In an upstairs hallway at the Armory Center for the
Arts in Pasadena, a small show of photographs by Maria Teresa Fernandez
focuses on the fence along the U.S.-Mexico border that begins a couple
of hundred feet out in the Pacific and ends about 60 miles inland, near
El Centro, Calif.
That's a lot of territory to cover, and rather
than documenting all parts equally or presenting a historical overview
of the politically charged barrier, Fernandez zeros in on details:
little incidents that might seem insignificant but that accumulate to
form a knot of narratives by turns tragic, defiant and touching. Of the
84 color prints that make up the accessible exhibition, all but eight
are close-ups -- tightly framed pictures that bring visitors nose to
nose with the fence and arm's length from the often poignant mementos
left beside it by people whose lives it has affected.
None of Fernandez's photographs are titled, dated or labeled. Four short
wall texts provide a bit of background, leaving the snapshot-style
pictures, arranged in six loose groups, free to tell their stories.
Fernandez is not a sociologist or an activist but a poet, an artist
whose goal is to capture various facets of the human drama that unfolds
at the fence.
It all begins innocently enough, with nearly abstract shots of the
fence's piecemeal patchwork of recycled materials and painted-over
portions, which form accidental compositions. Algae, barnacles and rust
create a wide range of surface textures. In several images, the
crumbling metal, worn thin and turned orange by the salty air and water,
contrasts dramatically with the cloudless blue sky it reveals through
The next cluster of pictures is the largest and most forlorn. In it, the
Mexico-born, San Diego-based artist documents some of the many
memorials that have shown up along the fence's south side.
Some are humble: ad hoc, on-the-run gestures to lost and fallen love
ones, such as a pair of old boots hung from the fence or a simple cross
marked with a man's name or, more often, "no identificado."
Others are elaborate, resembling altars or shrines festooned with votive
candles and overflowing with offerings of fruit and flowers as well as
personal treasures. Bold graphics and figurative images -- including
piles of skulls, fleeing people and dazzling landscapes -- are painted
on the fence as mural-style backdrops. A few, made by anonymous artists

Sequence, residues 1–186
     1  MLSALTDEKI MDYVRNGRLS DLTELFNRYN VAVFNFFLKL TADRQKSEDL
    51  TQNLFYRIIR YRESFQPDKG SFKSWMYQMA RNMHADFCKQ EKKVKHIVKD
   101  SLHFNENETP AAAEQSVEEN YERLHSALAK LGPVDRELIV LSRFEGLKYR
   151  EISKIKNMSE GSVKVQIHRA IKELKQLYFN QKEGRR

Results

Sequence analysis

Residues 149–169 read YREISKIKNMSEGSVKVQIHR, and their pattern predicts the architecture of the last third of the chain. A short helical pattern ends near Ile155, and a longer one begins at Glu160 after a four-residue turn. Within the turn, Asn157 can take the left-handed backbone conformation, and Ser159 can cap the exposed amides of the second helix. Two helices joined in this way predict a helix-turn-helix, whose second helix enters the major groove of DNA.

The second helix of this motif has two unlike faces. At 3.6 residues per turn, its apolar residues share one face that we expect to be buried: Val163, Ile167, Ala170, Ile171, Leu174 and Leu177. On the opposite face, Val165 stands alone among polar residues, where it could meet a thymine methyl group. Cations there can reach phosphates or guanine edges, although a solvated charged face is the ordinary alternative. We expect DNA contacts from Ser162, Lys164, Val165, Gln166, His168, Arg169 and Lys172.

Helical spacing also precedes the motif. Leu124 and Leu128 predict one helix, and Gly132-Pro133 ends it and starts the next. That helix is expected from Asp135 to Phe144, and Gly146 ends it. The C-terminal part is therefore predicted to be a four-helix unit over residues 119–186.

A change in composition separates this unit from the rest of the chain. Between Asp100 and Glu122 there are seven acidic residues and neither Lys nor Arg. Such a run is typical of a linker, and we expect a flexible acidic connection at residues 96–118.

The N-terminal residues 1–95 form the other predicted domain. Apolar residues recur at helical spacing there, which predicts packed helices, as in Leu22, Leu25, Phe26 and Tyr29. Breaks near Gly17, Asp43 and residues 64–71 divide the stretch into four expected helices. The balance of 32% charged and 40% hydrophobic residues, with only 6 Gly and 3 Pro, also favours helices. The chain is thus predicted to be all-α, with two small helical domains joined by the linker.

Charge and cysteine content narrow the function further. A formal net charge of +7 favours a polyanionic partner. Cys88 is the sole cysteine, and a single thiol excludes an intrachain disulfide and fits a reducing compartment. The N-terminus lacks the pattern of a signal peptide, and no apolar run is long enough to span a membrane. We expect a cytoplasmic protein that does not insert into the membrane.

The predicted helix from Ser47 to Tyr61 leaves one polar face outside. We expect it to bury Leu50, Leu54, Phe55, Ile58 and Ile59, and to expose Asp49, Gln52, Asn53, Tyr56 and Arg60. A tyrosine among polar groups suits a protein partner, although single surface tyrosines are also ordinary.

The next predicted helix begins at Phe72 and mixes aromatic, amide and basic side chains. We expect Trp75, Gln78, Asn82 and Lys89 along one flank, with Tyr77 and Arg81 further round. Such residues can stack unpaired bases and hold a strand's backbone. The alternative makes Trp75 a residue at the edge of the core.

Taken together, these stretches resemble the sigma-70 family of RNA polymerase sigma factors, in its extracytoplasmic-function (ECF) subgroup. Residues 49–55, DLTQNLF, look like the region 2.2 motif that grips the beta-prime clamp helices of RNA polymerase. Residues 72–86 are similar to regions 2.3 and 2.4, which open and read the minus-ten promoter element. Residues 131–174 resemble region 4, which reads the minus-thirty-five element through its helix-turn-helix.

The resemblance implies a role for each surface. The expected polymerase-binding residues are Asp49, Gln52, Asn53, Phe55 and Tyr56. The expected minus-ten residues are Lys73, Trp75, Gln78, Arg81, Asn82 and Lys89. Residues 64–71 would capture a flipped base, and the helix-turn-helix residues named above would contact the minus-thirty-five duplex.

armed with spray paint and brushes, turn the surface into a ground for
illusionistic paintings of doorways to an Edenic land of freedom and
The third group of images depicts the remnants of large, well-organized
protests: coffin-shaped boxes, hundreds of water bottles, and
billboard-style messages decrying the social injustice and economic
inequity represented by the fence.
The fourth group of photos turns away from such unofficial, DIY
additions to the fence to portray its authoritarian features.
Sun-bleached images of steel and concrete reinforcements, military-style
border patrols, construction and repair crews, towering light posts and
surveillance cameras show a Godforsaken, Orwellian landscape.
The last two groups of pictures return to the heart of Fernandez's
project: the anonymous men, women and children whose lives are divided
by the fence. One group shows close-ups of hands -- pressed against the
fence or clinging to its chain-link sections. They are among the only
works that seem posed, and they come off as greeting-card clichés.
In contrast, the last group is haunting. It depicts couples, families
and friends gathered on both sides of the fence as if they were all on
the front porch or around a picnic table, casually chatting on a weekend
afternoon. Many bring folding chairs, coolers and portable stereos and
try to pretend that the steel pilings of a 12-foot-tall fence don't
separate them. Fernandez captures the absurdity of the situation and the
adaptability of the people, giving heart-wrenching form to both,
especially in her images of lovers who drape sheets over themselves --
and through the fence -- for a little privacy.
Fernandez's eight panoramic photographs, which reveal the vastness of
the fence as it snakes across the land, amplify the absurdity of it all.
They provide just enough big-picture context to make the up-close and
intimate pictures all the more potent.
By Dave Pagel
For The Los Angeles Times